Quote Originally Posted by skepticalbip View Post
    The 'best' workable system is the one that best uses human nature in its structure. A system that demands human nature change is one that will have severe problems.
    Alrighty then, a solo mission it is!

  6. Top | #26
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    Quote Originally Posted by DBT View Post
    Quote Originally Posted by steve_bank View Post
    Quote Originally Posted by DBT View Post

    Presumably in a way that benefits all members of that society so there is little or no resentment because no one has to struggle to make a basic living while others accumulate most of the colonies wealth and resources, becoming 'Lords of the Land' with their needs and wants attended to by a servile underclass.
    That is probably what the Russian revolutionaries said about communism.

    You are IMO idealizing. I said choosing from current humans and 10,000 people for a reason. It is the size of a small town and large enough for factions and disputes to emerge. Who says what is fair and equitable? I am not being argumentative, but pragmatic given human behavior through history through today.

    Part of our heritage is genetic.

    The Soviets and Maoists thought they could create a fair society by fiat. Both failed.
    What Russians said about communist or what Capitalists say about capitalism is related to the fundamental issue of work/function, status and satisfying our hierarchy of physical needs and psychological wants.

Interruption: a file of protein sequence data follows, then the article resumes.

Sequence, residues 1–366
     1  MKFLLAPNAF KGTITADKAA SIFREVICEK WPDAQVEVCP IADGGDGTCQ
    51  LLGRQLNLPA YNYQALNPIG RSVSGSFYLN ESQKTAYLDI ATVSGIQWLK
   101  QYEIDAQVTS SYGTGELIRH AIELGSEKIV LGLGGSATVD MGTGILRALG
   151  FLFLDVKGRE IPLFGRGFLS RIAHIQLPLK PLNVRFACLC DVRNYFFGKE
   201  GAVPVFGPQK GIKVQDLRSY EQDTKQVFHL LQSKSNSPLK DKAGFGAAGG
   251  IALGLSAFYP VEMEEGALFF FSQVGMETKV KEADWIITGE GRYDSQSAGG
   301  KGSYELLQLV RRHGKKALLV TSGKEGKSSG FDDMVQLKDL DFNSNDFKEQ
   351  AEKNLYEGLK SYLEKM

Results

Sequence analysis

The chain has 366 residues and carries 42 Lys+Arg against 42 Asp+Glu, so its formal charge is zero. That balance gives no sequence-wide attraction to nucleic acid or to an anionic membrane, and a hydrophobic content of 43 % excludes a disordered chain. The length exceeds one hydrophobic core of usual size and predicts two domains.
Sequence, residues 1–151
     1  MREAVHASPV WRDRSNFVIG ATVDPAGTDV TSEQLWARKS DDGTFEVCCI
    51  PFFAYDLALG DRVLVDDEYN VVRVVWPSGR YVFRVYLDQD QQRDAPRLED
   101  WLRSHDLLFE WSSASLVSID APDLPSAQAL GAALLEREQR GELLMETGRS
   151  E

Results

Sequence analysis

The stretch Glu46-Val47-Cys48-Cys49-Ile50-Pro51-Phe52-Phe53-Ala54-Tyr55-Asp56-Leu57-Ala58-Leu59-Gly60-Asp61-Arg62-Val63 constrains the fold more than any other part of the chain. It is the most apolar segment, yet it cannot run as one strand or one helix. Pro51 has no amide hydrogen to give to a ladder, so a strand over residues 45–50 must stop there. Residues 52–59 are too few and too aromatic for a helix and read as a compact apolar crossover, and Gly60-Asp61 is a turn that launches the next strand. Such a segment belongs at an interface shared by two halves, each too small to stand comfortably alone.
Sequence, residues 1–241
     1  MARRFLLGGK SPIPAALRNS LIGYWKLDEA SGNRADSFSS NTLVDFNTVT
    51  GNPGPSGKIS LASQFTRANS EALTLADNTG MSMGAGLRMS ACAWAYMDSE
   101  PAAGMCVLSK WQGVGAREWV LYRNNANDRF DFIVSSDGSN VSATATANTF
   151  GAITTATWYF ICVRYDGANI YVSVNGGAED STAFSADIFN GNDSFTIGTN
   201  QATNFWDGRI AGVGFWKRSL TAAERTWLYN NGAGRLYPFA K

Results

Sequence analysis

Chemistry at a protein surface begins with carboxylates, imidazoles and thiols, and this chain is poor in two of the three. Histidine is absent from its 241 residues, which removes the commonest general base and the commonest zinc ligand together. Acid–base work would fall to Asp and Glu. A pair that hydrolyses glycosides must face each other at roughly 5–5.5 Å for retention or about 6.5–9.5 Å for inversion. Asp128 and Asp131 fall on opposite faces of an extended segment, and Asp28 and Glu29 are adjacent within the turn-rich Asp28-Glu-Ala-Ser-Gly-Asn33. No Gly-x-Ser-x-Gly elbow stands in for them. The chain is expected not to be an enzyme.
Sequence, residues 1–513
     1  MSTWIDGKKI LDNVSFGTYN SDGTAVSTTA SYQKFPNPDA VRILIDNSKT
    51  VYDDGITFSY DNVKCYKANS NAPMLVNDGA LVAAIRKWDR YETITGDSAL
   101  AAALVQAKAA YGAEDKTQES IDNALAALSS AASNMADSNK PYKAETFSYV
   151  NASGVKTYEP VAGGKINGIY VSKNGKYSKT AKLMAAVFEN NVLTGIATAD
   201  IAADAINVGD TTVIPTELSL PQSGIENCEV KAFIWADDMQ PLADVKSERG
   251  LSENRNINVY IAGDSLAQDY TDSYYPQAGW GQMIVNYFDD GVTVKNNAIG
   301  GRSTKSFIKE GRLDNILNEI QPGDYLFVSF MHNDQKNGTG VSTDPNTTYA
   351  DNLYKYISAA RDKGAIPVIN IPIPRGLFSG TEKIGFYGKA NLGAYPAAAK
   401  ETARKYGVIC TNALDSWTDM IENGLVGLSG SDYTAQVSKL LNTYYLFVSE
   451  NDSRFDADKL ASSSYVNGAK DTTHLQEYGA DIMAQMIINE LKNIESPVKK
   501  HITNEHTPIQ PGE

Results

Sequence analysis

If we can't come up with anything better than one or the other of two extremes, we probably deserve to fail.
    If you belive evolution selects for survival traits, success is survival of the organism.

    I watched an ingesting show on monkeys. It turns out without articulate language monkeys can be transnational and perceive inequities. Put two monkeys in side by side cages. Feed then grapes a preferred food for a while then feed one less desirable food. The monkey with the less desirable food gets pissed.

    In other experiments monkeys can get transnational, a form of bartering with relative values.

    Point being we are bound by our genetics in the end. Capitalism seems to work because it is in line with our competitive nature.

    A closed space environment with no outlet for the alphas would seem to be doomed to conflict.

  7. Top | #27
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    When you think of a Mars colony do you imagine heroically exploring Mars in a space suit with witty Hollywood dialogue, or do you imagine a routine work a day life?

    A climate controlled environment hat never changes. No wind, rain, birds, oceans, snow, night, day. A dull lifeless background outside the habitat. No sunshine.

    I do not see how humans could live like that without breaking down. Same with a generational space ship.

  8. Top | #28
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    Quote Originally Posted by James Brown View Post
    Quote Originally Posted by steve_bank View Post
    Some imagine a Mars colony as a paradise free from troubles.
    Really? Who?
    It is written.

  9. Top | #29